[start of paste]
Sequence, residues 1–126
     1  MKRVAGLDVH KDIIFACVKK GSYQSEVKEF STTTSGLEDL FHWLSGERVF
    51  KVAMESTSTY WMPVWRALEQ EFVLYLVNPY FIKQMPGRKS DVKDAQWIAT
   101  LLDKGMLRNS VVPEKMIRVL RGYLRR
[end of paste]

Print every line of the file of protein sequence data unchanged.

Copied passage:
Sequence, residues 1–126
     1  MKRVAGLDVH KDIIFACVKK GSYQSEVKEF STTTSGLEDL FHWLSGERVF
    51  KVAMESTSTY WMPVWRALEQ EFVLYLVNPY FIKQMPGRKS DVKDAQWIAT
   101  LLDKGMLRNS VVPEKMIRVL RGYLRR